If Jack the Ripper Told Bedtime Stories... ...he'd probably ask Ken Bruen to write his scripts. Ken Bruen's "Blitz" is a rock `em, sock `em, no-holds-bar brawl of violent men and hard women on both sides of the law - an in-your-face tale told from the wrong side of London. Remember the days when Lawrence Sanders was bringing crime fiction to the masses with NYPD's tough Captain Delaney and gripping crime drama like "The First Deadly Sin?" Well, carve up Sander's pedestrian prose with a broken-off If Jack the Ripper Told Bedtime Stories... ...he'd probably ask Ken Bruen to write his scripts. Ken Bruen's "Blitz" is a rock `em, sock `em, no-holds-bar brawl of violent men and hard women on both sides of the law - an in-your-face tale told from the wrong side of London. Remember the days when Lawrence Sanders was bringing crime fiction to the masses with NYPD's tough Captain Delaney and gripping crime drama like "The First Deadly Sin?" Well, carve up Sander's pedestrian prose with a broken-off beer bottle, run Captain Delaney through the gutters for some edge, strip out any regard for political correctness or social redeeming value, and you'll start getting a feel for Bruen's brand of raw drama on the mean streets. There's no genius in the story - a maniac decides to declare open season on London's cops, and starts indiscriminately killing them. In tracking down the murderer, this is not as much a police procedural as it is a character study in misfits and miscreants - and that's just the good guys. This is black prose that finds beauty along its jagged edges - a searing journey through vicious deeds and twisted minds that builds to an unexpected and cynically satisfying climax. Ken Bruen is the real deal - if you're hooked on Lehane, Child, Huston, Rankin, or Gischler and haven't added Bruen to your reading list, don't wait another day.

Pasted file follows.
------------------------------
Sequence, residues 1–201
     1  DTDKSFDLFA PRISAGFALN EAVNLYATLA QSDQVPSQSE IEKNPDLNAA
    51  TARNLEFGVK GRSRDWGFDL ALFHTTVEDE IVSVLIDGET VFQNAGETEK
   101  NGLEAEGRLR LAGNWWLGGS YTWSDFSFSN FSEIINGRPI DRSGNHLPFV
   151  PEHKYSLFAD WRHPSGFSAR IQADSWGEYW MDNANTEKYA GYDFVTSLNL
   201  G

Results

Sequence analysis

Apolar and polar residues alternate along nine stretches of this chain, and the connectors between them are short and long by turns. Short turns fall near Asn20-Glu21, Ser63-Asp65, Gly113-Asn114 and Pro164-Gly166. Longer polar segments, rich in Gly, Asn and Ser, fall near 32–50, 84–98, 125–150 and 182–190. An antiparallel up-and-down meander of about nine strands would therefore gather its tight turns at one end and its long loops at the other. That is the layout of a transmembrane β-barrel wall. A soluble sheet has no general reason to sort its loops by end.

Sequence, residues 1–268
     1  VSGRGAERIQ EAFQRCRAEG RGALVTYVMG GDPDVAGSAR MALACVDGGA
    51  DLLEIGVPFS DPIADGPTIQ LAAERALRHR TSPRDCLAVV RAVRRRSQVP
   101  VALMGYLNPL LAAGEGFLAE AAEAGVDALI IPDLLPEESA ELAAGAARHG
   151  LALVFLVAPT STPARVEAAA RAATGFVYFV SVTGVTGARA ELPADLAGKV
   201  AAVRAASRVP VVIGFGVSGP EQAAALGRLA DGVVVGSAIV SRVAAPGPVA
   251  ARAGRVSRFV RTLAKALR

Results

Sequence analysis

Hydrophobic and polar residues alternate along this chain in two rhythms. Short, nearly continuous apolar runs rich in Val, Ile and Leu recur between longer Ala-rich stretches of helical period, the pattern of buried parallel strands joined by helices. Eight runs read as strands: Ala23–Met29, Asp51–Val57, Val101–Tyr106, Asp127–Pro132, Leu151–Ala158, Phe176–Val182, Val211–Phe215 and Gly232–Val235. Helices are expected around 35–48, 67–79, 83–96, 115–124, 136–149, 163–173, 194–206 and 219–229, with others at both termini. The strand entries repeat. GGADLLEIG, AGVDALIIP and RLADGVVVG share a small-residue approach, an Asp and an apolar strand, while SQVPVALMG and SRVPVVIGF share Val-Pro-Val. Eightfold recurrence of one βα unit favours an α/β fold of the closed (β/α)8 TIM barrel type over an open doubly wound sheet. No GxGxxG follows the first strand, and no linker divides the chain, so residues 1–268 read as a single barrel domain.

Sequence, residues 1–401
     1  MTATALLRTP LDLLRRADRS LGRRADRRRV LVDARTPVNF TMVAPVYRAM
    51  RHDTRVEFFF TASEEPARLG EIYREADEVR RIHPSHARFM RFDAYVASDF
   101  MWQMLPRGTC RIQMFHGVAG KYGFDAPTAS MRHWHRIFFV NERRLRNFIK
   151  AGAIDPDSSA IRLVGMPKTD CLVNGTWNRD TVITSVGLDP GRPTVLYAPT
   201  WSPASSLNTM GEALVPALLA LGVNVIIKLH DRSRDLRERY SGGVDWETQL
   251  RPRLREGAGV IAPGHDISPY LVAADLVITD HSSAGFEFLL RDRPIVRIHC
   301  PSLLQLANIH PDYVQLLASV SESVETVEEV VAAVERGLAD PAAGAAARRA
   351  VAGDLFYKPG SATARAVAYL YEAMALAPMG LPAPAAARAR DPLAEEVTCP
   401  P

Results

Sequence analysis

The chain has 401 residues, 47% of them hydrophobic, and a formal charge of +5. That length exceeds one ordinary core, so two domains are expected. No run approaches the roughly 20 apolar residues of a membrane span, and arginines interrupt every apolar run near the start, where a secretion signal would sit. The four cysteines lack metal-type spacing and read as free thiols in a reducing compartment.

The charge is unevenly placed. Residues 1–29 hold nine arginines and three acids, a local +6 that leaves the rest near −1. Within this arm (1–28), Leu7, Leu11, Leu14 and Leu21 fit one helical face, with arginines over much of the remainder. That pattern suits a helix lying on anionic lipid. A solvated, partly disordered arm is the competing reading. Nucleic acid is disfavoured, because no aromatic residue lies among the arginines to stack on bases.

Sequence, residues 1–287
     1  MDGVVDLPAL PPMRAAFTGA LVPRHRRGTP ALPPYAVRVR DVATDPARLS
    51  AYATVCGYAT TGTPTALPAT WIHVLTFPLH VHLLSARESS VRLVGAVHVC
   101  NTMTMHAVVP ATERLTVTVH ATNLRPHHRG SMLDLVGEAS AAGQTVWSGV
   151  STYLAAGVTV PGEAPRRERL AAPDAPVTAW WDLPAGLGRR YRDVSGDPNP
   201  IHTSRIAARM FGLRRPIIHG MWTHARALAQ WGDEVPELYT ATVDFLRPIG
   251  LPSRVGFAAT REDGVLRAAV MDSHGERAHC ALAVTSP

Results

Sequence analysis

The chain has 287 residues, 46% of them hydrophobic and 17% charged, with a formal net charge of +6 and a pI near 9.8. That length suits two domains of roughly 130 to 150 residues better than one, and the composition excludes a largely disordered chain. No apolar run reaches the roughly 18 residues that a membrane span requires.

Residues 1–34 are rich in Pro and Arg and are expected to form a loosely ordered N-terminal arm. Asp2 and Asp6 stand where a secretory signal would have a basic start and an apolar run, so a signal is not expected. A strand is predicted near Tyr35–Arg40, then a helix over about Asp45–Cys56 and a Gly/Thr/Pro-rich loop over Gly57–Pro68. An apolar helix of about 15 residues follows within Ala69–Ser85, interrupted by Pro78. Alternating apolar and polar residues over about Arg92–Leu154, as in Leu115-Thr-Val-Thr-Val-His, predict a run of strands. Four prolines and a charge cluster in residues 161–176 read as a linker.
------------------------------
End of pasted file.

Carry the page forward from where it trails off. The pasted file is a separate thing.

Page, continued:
24. 4 out of 5

    Michael Tucker

    My second Ken Bruen book in two days. After reading "The Killing of the Tinkers" of the Jack Taylor series I was a little worried. I didn't need to be, "Blitz" delivered. A great noir telling of a serial killer picking on the cops. The "Blitz" is part of the Detective Sergeant Brant and Chief Inspector Roberts series. Bruen introduces a bunch of conflicted and flawed character cops and weaves us through their tangled relationships with one another as the race to find the psychopath that is killin My second Ken Bruen book in two days. After reading "The Killing of the Tinkers" of the Jack Taylor series I was a little worried. I didn't need to be, "Blitz" delivered. A great noir telling of a serial killer picking on the cops. The "Blitz" is part of the Detective Sergeant Brant and Chief Inspector Roberts series. Bruen introduces a bunch of conflicted and flawed character cops and weaves us through their tangled relationships with one another as the race to find the psychopath that is killing their own. An unlikely friendship develops between the corrupt, brutish and bigoted Brant and the vegetarian homosexual Acting Chief Inspector, Porter Nash. Then there is the fractious romantic relationship between, PC Elizabeth Falls, a black female office, and the hansom hunk, Detective Inspect Bob Nelson. There is no mystery here, we find out who the killer is and his motives early in the story. What we have is a great story about the interaction and questionable of the cops as they chase down a killer.